1. ANGEL SHARK: Flat body like a stingray -- you can tell the shark is not a ray because the pectoral fins are not attached to the head. They bury themselves in the sand or mud with only the eyes and part of the top of the body exposed. They are bottom feeders, eating crustaceans like clams and mollusks and fish that are swimming close to the ocean floor
2. second largest shark (about 30 feet long and 8,000 pounds) filters plankton from the water using "gill rakers"
3. does well in captivity so is often found in aquariums (which is why we have so many photos of it) about 6 feet long. grey with a black tip on its fins and white streak on its side
4. about 12 feet long. sleek, tapered body among the fastest swimming sharks and can even leap out of the water diet consists mostly of squid, but it will eat almost anything considered dangerous - have attacked people
5. third most dangerous to people can swim in salt and fresh water and have even been found in the Mississipi river.
6. small, gentle shark that can be kept in an aquarium with other fish tail is half its length
7. biggest shark and biggest fish it isnt a whale (whales are mammals, not fish) grow to 45 feet long and 30,000 pounds, but average about 25 feet long filters plankton from the water using "gill rakers"
8. 10 foot tail (1/2 as long as the body) which it uses to herd small fish
9. fastest swimmer (43 miles per hour) known to leap out of the water (sometimes into boats)
10. unlikely to attack people, but considered dangerous due to its predatory nature and its size eyes and nostrils are far apart, giving it a "hammerhead" appearance and allowing the shark to extend the range of its senses.
11. more attacks on people than any other type. averages 12 feet long and 3,000 pounds. unlike most sharks, it can lift its head out of the water.
12. very uncommon and likely the strangest looking shark (rarely seen the photos were actually taken in 1909) pale, pinkish grey skin with a long pointed snout (it looks a bit like a sword on top of its head) lives in very deep water.
13. a small shark (less than 2 feet long) eats perfecty round chunks out of living whales and dolphins by clamping its teeth extremely sharp teeth onto them.
14. The largest shark known was theMegalodon (Carcharodon or Carcharoclesmegalodon); it is now extinct. It was anancient, meat-eating shark that livedbetween 25 million and 1.6 million yearsago. It was up to 40 feet (12 m) long andits teeth were each the size of a personshand!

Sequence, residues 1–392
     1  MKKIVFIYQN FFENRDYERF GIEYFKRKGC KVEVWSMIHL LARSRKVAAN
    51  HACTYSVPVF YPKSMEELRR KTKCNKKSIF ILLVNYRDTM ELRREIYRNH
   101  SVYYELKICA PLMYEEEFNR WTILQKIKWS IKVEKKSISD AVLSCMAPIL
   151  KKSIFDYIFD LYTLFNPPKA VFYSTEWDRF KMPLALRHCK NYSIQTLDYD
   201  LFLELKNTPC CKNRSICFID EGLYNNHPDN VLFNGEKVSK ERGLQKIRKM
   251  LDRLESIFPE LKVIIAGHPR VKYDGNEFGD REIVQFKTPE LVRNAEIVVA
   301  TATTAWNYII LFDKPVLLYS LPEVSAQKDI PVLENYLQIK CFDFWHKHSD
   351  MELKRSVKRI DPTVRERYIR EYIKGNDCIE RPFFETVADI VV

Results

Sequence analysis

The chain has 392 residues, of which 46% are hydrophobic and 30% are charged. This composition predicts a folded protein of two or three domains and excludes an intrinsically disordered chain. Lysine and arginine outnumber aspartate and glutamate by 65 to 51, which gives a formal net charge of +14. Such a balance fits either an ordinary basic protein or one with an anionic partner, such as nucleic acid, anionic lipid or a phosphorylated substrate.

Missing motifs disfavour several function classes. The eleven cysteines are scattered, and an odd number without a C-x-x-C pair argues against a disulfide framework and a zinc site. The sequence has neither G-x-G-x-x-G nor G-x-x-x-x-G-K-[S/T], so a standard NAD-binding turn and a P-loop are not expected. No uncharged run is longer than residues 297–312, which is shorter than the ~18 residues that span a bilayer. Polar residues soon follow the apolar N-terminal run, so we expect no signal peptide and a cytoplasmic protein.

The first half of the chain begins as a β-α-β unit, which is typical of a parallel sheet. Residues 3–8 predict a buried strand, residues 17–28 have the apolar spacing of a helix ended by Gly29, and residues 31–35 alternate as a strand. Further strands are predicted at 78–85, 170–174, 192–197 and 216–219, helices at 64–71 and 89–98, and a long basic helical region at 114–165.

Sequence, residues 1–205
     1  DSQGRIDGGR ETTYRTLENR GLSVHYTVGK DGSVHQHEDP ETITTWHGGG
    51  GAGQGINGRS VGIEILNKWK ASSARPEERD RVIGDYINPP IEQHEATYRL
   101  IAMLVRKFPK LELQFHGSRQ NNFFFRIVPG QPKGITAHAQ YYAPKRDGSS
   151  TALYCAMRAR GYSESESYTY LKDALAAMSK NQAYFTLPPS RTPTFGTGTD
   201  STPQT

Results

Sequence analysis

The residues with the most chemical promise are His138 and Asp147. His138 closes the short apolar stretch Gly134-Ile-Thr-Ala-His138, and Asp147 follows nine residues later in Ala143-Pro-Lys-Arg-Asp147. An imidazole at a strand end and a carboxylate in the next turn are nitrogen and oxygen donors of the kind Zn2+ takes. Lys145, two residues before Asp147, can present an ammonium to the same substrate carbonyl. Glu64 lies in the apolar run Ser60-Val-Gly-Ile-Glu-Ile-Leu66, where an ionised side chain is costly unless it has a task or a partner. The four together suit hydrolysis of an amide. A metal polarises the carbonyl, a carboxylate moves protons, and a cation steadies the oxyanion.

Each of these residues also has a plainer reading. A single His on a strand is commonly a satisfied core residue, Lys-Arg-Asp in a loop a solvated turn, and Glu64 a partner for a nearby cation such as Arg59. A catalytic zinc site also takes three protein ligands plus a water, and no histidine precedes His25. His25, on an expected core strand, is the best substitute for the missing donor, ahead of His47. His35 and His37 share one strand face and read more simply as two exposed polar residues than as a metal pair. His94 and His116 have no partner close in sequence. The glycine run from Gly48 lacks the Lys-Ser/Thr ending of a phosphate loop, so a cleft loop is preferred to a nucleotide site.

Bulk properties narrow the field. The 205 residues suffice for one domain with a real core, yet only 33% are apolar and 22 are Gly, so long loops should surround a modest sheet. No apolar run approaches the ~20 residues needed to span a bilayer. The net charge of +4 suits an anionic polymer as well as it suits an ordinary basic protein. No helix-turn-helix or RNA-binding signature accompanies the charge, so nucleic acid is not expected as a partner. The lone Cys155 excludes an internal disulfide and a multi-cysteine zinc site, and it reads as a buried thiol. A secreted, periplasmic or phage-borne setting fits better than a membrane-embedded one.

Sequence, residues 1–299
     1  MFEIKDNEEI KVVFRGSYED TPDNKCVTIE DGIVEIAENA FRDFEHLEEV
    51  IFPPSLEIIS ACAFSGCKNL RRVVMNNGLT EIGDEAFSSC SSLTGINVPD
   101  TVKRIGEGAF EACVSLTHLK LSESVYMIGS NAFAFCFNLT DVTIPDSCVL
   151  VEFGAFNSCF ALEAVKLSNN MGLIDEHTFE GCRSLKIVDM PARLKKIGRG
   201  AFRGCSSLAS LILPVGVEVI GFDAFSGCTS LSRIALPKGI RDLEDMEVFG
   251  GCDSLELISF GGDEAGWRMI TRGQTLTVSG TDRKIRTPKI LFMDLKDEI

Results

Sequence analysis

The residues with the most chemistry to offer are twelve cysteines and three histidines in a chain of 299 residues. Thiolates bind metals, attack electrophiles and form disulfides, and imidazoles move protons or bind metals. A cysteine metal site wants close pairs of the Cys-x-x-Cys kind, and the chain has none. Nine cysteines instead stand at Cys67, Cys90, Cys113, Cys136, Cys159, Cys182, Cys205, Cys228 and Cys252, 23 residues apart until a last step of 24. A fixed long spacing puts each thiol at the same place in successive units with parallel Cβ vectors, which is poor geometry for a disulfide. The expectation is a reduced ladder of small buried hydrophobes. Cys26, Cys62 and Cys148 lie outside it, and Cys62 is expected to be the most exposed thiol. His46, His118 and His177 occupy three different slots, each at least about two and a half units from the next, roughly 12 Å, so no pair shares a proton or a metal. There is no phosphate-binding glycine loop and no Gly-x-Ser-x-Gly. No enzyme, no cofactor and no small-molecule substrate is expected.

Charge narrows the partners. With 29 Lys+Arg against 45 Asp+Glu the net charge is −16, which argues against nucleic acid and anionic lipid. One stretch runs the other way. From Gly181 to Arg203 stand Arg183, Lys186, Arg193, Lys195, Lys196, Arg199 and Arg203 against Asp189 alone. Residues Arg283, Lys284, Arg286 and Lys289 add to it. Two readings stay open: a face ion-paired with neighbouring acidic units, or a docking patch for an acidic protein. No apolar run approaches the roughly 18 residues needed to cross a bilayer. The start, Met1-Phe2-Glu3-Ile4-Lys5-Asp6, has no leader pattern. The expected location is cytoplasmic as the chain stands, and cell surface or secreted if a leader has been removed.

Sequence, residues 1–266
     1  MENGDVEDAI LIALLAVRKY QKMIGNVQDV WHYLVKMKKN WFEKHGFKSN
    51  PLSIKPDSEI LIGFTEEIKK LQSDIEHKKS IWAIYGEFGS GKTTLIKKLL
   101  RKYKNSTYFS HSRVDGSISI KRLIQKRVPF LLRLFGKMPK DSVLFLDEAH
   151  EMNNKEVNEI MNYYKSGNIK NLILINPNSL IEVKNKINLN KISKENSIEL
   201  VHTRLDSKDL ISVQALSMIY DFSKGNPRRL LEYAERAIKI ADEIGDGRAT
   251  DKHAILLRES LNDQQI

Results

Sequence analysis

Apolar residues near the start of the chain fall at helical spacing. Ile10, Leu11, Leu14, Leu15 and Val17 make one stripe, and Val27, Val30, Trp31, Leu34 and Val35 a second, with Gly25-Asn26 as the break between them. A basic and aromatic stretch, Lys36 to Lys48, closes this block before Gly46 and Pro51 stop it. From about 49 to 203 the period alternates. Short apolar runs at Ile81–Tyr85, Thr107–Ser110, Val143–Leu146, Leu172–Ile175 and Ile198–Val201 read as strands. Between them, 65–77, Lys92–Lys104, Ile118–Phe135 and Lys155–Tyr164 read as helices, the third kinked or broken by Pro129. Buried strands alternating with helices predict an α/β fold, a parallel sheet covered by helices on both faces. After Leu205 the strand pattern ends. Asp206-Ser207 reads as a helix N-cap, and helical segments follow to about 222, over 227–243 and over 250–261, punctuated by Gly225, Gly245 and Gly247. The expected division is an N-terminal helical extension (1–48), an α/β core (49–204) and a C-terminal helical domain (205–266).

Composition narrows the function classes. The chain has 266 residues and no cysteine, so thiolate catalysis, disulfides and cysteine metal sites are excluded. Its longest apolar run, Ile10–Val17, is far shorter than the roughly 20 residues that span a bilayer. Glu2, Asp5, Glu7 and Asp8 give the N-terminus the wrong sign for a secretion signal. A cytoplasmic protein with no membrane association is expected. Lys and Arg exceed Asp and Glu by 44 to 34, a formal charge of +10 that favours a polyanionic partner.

15. Dwarf Lanternfish (Etmopterus perryi), which is about 7 1/2 to 8 inches (19 - 20 cm) long for fully- grown females and 6 to 7 inches (16 - 17.5 cm) long for adult males Spined pygmy shark (Squaliolus laticaudus), which is about 8 inches (21 cm) long for fully-grown females and 7 inches (18 cm) long for males Pygmy ribbontail catshark (Eridacnis radcliffei) , which is about 6 to 7 inches (15 - 16 cm) long for fully-grown females and 7 to 7 1/2 inches (18 - 19 cm) long for males.
16. The oceanic white-tipped sharks are the mostfearless predators. Jacques-Yves Cousteausays that it is: "the only species of shark thatis never frightened by the approach of adiver, and they are the most dangerous of allsharks."
17. The fastest swimming sharks are the makosharks and blue sharks, which can evenleap out of the water. They are also amongthe fastest fish. Estimates of their speedvaries; some say that they can swim atabout 60 miles per hour (97 kph), whilemore conservative estimates are about 22mph (35 kph). There hasnt been enoughobservation of their speeds to have adefinitive answer.
18. The whale shark has the biggest mouthamong sharks.
19. The thresher sharks have the longest tailamong sharks; the upper lobe of their tailsare about the same length as their bodies.
20. The strongest shark bite belongs to thedusky shark (Carcharhinus obscurus); itsjaws have been measured to exert 132pounds (60 kg) of force per tooth (JamesSnodgrass and Perry Gilbert, 1965).
21. The piked dogfish shark (Squalusacanthias) is very abundant, especially inthe North Atlantic Ocean. It is a smallshark, about 63 inches (1.6 m) long.
22. The whale shark was long thought to beoviparous (an egg 14 inches (36 cm) longwas found in the Gulf of Mexico in 1953;this would be the largest egg in the world).Recently, pregnant females have beenfound containing hundreds of pups. Whalesharks are viviparous, giving birth to liveyoung. Newborns are over 2 feet (60 cm)long.
23. The Portuguese shark dives down over9,000 feet (2750 m). This is over 1.5 miles.
24. The Blue shark had been known tomigrate from 1,200-1,700 miles (2000-3000 km) in a seasonal journey from NewYork state in the USA to Brazil.
25. One Blue shark was found with 135 pupsin her uterus.